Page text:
The earliest known inhabitants of the area now known as Himachal Pradesh were the Dasas, who entered the hills from the Gangetic plain between the third and second millennium BC. By 2000 BC the Dasas had been joined by the Aryans, and a number of tribal republics, known as janapadas, began to emerge in geographically separate regions, where they fostered separate cultural traditions. The terrain made it impossible for one ruler to hold sway over the whole region, though by 550 AD Hindu Rajput families had gained supremacy over the northwestern districts of Brahmour and Chamba, just two of the many princely states created between the sixth and sixteenth centuries. Of these, the most powerful was Kangra, where the Katoch Rajputs held off various attacks before finally falling to the Mughals in the sixteenth century.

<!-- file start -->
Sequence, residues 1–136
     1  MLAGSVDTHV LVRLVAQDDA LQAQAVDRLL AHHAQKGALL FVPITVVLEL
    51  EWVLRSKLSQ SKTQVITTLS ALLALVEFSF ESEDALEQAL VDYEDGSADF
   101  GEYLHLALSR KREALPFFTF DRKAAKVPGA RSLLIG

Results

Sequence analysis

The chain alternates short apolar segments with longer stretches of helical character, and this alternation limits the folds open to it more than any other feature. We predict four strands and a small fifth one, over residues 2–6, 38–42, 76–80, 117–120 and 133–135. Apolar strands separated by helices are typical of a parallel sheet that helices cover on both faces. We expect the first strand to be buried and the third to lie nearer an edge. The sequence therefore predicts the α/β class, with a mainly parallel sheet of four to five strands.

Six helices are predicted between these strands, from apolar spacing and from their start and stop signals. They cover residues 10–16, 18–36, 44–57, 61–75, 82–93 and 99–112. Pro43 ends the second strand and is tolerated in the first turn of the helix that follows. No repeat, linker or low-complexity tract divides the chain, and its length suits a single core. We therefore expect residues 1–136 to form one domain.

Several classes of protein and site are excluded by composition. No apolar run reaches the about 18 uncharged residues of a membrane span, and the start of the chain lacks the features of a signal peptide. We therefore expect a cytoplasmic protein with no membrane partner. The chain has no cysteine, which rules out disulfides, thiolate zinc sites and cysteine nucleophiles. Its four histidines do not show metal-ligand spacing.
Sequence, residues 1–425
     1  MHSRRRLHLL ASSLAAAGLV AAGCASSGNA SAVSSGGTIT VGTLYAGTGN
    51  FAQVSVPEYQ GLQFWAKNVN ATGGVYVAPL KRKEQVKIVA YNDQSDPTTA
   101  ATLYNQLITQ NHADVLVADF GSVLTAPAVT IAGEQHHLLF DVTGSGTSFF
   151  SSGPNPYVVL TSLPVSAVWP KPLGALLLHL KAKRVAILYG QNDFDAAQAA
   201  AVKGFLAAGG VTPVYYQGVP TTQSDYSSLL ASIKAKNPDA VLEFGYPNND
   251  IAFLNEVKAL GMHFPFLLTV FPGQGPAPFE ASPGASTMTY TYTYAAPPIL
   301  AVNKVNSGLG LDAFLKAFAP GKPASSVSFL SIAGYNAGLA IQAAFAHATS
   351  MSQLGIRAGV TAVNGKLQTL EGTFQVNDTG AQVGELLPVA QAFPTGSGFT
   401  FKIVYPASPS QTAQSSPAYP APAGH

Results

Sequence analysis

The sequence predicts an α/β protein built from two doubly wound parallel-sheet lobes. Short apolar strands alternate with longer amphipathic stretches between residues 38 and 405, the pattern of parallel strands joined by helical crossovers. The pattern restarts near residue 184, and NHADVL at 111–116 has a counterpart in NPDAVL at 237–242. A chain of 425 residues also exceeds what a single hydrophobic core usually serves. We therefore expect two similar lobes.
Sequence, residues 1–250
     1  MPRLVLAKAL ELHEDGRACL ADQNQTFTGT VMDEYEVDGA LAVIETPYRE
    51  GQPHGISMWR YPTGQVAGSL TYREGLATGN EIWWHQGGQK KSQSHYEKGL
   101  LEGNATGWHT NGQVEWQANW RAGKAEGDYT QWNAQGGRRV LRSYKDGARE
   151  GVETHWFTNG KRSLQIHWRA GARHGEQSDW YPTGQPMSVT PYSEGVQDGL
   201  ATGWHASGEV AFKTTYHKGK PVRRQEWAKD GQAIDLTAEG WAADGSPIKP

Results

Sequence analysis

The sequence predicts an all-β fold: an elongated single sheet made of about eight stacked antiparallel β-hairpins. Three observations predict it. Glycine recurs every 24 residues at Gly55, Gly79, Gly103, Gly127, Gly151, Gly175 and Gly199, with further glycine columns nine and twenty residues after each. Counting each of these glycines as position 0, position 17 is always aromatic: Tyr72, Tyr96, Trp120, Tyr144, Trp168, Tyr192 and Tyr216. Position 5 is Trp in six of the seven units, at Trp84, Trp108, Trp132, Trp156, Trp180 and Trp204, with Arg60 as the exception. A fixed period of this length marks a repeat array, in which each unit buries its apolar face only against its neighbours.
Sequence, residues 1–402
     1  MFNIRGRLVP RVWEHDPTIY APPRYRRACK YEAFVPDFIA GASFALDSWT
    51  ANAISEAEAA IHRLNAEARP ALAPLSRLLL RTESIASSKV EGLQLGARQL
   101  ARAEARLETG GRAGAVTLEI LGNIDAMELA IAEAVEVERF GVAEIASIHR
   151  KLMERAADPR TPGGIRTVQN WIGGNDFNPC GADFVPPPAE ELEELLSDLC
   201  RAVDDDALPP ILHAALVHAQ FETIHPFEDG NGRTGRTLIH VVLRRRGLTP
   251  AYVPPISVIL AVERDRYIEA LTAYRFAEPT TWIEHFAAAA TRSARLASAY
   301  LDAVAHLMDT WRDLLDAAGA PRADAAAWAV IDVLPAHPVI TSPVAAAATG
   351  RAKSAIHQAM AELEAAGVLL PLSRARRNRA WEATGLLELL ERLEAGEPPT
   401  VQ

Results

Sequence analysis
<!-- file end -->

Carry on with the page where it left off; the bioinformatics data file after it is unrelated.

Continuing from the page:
During the medieval era, Lahaul and Spiti remained aloof, governed not by Rajputs, but by the Jos of Tibetan origin, who introduced Tibetan customs and architecture. After a period of submission to Ladakh, Lahaul and Spiti came under the rajas of Kullu, a central princely state that reached its apogee in the seventeenth century. Further south, the region around Shimla and Sirmaur was divided into over thirty independently governed thakurais. In the late seventeenth century, the newly empowered Sikh community, based at Paonta Sahib (Sirmaur), added to the threat already posed by the Mughals. By the eighteenth century, under Maharaja Ranjit Singh, the Sikhs had gained strongholds in much of western Himachal, and considerable power in both Kullu and Spiti.
Battling against Sikh expansion, Amar Singh Tapur, the leader of the Gurkha army, consolidated Nepalese dominion in the southern Shimla hill states. The thakurai chiefs turned to the British for help, and forced the last of the Gurkhas back into Nepal in 1815. Predictably, the British assumed power over the south, thus tempting the Sikhs to battle in the Anglo-Sikh War. With the signing of a treaty in 1846 the British annexed most of the south and west of the state, and in 1864 pronounced Shimla the summer government headquarters.